Project Practitioners > Rain, Flight Delays, and Risk Management

Rain, Flight Delays, and Risk Management

By Alan Zucker

Bad Weather & Risk

It was almost midnight. Our 3-hour trip from Budapest through Frankfurt to Milan was now a 10-hour adventure. Our bags were coming off the luggage carousel completely soaked. My eyes were dry and uncomfortable. And, I realized I ignored the fundamentals of risk management.

At its core, risk management should be simple:

  • On a regular basis, review and identify new threats and opportunities;
  • Assess the risks based on the likelihood of occurrence and their potential impact;
  • Develop a response strategy to mitigate the impact of the risk or enhance the opportunity; and
  • Make contingency plans to alleviate the threat should it become a reality.

As I evaluated this portion of our trip, I realize my wife and I made common risk management mistakes.

  1. Failure to Fully Plan for Risk

We carefully planned certain aspects of our trip. We built our itinerary leaving time for both family visits and touring. Since we used Airbnb® for the first time, we thoroughly vetted our hosts. As the trip began, we felt well prepared.

However, we fell into the trap of selective risk planning:

  • We did not follow a process for managing our risks. We focused on certain events based on their perceived threat instead of thoughtful assessment;
  • Our planning was biased. We focused on high impact events and ignored common ones. For example, we spent effort researching our Airbnb hosts without considering the weather; and
  • We did not adequately consider common events, like bad weather, that had the potential of being disruptive.

One way to avoid these mistakes is to develop a risk-planning checklist. The checklist can be built over time or established as an enterprise template. The checklist should be comprehensive and include both common and unlikely events. A well-developed checklist could also include successful response strategy suggestions.

  1. Failure to Take Ordinary Precautions

I wear contact lenses. Normally, I pack a case, solution, and my spectacles in my carry-on bag so I can remove my contacts. When we flew from the US to Europe, I took this precaution. However since Budapest to Milan was just a hop, I packed all of my toiletries in my checked suitcase.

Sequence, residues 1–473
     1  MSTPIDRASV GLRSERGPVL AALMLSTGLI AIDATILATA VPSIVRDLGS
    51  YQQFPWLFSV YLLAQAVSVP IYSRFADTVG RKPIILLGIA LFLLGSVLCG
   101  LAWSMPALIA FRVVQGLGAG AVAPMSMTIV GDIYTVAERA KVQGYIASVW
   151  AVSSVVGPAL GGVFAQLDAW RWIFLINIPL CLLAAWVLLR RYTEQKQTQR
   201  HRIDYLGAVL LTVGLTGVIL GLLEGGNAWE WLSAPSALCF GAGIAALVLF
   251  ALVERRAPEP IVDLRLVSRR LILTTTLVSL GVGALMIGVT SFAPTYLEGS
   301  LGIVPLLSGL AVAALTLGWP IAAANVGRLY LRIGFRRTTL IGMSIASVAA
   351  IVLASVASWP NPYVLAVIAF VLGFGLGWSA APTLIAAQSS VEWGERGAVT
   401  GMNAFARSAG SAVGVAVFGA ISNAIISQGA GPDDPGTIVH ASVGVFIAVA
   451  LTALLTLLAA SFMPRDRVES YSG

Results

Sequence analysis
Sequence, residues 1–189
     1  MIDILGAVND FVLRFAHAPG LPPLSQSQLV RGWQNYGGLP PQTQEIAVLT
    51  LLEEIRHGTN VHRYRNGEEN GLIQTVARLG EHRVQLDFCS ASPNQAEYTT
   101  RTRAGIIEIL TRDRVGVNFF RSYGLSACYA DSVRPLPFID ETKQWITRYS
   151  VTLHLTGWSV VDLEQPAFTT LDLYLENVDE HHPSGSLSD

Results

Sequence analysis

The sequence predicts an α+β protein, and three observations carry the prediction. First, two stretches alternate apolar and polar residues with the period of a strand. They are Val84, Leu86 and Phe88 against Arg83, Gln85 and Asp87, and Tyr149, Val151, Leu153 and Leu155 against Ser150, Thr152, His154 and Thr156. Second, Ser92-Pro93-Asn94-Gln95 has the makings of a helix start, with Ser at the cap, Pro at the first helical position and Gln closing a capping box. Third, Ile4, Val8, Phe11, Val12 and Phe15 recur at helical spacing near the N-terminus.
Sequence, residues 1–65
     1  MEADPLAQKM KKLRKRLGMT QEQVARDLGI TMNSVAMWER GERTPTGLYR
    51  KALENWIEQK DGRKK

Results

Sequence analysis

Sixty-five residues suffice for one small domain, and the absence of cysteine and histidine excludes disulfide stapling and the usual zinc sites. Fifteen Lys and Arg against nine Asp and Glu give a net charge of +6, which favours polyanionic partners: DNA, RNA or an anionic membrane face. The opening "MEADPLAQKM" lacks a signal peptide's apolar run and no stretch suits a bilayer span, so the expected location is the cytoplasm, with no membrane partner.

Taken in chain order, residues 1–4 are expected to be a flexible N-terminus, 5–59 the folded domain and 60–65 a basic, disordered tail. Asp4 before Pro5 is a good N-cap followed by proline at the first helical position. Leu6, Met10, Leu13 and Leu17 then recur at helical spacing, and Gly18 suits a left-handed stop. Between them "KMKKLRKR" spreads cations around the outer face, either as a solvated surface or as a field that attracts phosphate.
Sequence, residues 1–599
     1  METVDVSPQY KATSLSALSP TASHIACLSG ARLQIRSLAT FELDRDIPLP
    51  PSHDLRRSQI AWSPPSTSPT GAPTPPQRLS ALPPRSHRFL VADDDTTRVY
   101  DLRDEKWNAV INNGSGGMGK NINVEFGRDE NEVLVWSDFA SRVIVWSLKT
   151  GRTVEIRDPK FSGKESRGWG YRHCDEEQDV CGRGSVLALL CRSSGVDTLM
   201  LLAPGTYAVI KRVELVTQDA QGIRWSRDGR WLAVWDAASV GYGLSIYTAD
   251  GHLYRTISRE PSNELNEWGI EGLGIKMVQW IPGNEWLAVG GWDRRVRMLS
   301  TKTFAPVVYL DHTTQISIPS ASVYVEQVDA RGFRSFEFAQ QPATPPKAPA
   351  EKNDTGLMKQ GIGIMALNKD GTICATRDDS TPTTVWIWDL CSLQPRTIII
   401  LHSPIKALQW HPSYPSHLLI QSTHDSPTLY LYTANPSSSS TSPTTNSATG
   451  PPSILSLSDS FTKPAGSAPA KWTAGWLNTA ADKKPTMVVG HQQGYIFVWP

I failed to take an ordinary precaution. Why? Maybe I was being lazy or just not thinking. Maybe I just didn’t adequately assess the situation. Regardless, we often fail to take routine safeguards for a variety of reasons.

To avoid this mistake, project managers should remain vigilant and stick to standard practices. Mature organizations develop standard, repeatable processes to ensure consistent outcomes. Standard procedures are often tedious, but they can also avert mistakes.

  1. Failure to Respond to New Information

When we got to the airport in Budapest, our flight to Frankfurt was already delayed by a half-hour due to bad weather in Germany. We had a short layover in Frankfurt and this made our change nearly impossible. Instead of making contingency plans and then researching flights from Frankfurt to Milan, we sat at the café.

We had new information (flight was delayed), but failed to act on this new information (identify alternatives). The failure to react to new information is common.  Sometimes, we ignore risks that are not identified through formal processes. Other times, we sweep aside risks if we are in the heat of project execution.

To avoid this trap, the team should regularly review new information and assess its impact. Has a new risk been identified?   Does the information change the likelihood or impact of a current risk? Does an existing response plan need to be modified?

  1. Failure to Update Frame of Reference

When we were rebooking our flight to Milan, I was very concerned that our bags would be on a different flight. The service representative informed me that under security guidelines, which have been in place for years, luggage had to be on the same plane as the passenger.

Sometimes teams fail to update their frame of reference or prior assumptions. This can happen when procedures or guidelines change, or when the team is in unchartered waters. It happens.

To ensure the team is making decisions using the right information:

  • Be clear to differentiate between known facts, assumptions, and guesses;
  • Take time to research assumptions. Don’t let uncertain information become the foundation for an important decision; and
  • Actively document operating assumptions and periodically review them to ensure that they are still valid or need to be updated.
  1. Counting on Luck

We were greeted in Milan with a downpour. There were puddles on the luggage carousel from the soaking wet bags. I used the old trick of shrink-wrapping my clothing in Zip Lock bags® to pack more compactly. Consequently, most of my belongings were dry and only the items I threw in at the last moment were wet.

Sometimes we count on luck to be successful. Or, we take credit for happenstance and label it as good planning. We cannot consider all events. There are always firsts or very low probability events that happen. We can transform these experiences into learning opportunities. Add them to your risk checklist. Consider how you would respond to the event in the future.

Being mindful of risks—both opportunities and threats—is the key to good risk management. On this trip, we mitigated some risks, accepted others, and ignored the weather. We were lucky. The forecast called for rain almost every day. We only had rain on our one travel day. It was a great trip.

Bon voyage!

© 2016 Alan Zucker, Project Management Essentials, LLC, To Subscribe

Image courtesy of: http://www.refundmyticket.net/blog/2015/03/18/delayed-flight-outside-the-eu-or-with-a-non-eu-airline/



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